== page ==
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ARS Home » Plains Area » Stillwater, Oklahoma » Wheat, Peanut, and Other Field Crops Research » Research » Research Project #428354

Research Project: Areawide Pest Management of the Invasive Sugarcane Aphid in Grain Sorghum – Kansas, Sugarcane Aphid Monitoring and Biocontrol

Location: Wheat, Peanut, and Other Field Crops Research

Project Number: 3072-22000-016-22-S
Project Type: Non-Assistance Cooperative Agreement

Start Date: Sep 15, 2016
End Date: Sep 14, 2021

The objectives of this project are to monitor development of sugarcane aphid populations in sorghum and host grasses throughout the year to provide data to validate synoptic model for sugarcane aphid migration and to define geographic overwintering potential; and to evaluate potential for sugarcane aphid biocontrol by existing natural enemies.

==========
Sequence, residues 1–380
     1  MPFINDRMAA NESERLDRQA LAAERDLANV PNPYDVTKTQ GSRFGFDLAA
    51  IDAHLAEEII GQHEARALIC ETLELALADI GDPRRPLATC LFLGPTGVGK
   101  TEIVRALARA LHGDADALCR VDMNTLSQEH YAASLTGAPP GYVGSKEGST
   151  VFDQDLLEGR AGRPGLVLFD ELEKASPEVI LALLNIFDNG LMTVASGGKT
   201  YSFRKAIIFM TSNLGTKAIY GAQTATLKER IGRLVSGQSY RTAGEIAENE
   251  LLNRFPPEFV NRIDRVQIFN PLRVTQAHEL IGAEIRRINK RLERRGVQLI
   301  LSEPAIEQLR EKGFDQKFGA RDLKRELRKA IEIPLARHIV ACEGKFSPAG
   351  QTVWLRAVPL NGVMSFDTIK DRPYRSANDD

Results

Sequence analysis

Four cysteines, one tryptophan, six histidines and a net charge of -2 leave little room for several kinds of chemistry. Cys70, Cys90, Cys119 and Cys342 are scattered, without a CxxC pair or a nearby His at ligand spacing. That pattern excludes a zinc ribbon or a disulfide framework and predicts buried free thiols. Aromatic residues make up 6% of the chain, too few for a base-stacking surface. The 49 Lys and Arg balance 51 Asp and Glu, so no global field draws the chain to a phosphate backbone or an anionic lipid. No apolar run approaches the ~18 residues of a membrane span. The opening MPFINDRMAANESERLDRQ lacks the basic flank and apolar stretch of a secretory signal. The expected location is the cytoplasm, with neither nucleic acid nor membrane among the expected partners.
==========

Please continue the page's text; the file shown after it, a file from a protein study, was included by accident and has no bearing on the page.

Daily migratory flights of sugarcane aphid (SCA) will be simulated using the NOAA Air Resources Laboratory (ARL) Hybrid Single-Particle Lagrangian Integrated Trajectory (HYSPLIT) model (HYSPLIT PC version 4.9) (Draxler 1999; Draxler and Hess 1997, 1998; Draxler and Rolph 2013) following the methods of Westbrook et al. (2016). The 40-km resolution EDAS (Eta Data Assimilation System) data set will provide input to HYSPLIT model simulations of sugarcane aphid migration. The proportion of migrants will be estimated based on local host suitability, which will be associated with crop growth stage and presence of alternative plant hosts, and direct measurements of sugarcane aphid populations of winged individuals. Daily availability of migrant aphids at source locations will be defined for universally invoking simulated 12-h emigration flights (1200 to 0000 Universal Coordinated Time [UTC]). For daily flights, the emigrant proportion of the aphid population will be directly transferred to an emissions (i.e., emigratory) source file as input to the HYSPLIT model simulations. Resident and migratory aphids will contribute to infestation only within the spatial extent and suitability of susceptible host plants. The number of winged aphids that develop during a specific time period will be pooled into a single cohort for comparison with scouting data. Seasonal patterns of simulated abundance of aphids originating from source areas will be mapped. Predictions will be validated by ongoing monitoring in AWPM demonstration areas and intensive ground-truthing at locations where model predictions indicate sugarcane aphid deposition. The focus of biocontrol research will be to quantify natural enemy densities and SCA mortality for resistant and susceptible sorghum for the purpose of demonstrating effects of the SCA AWPM program on biocontrol.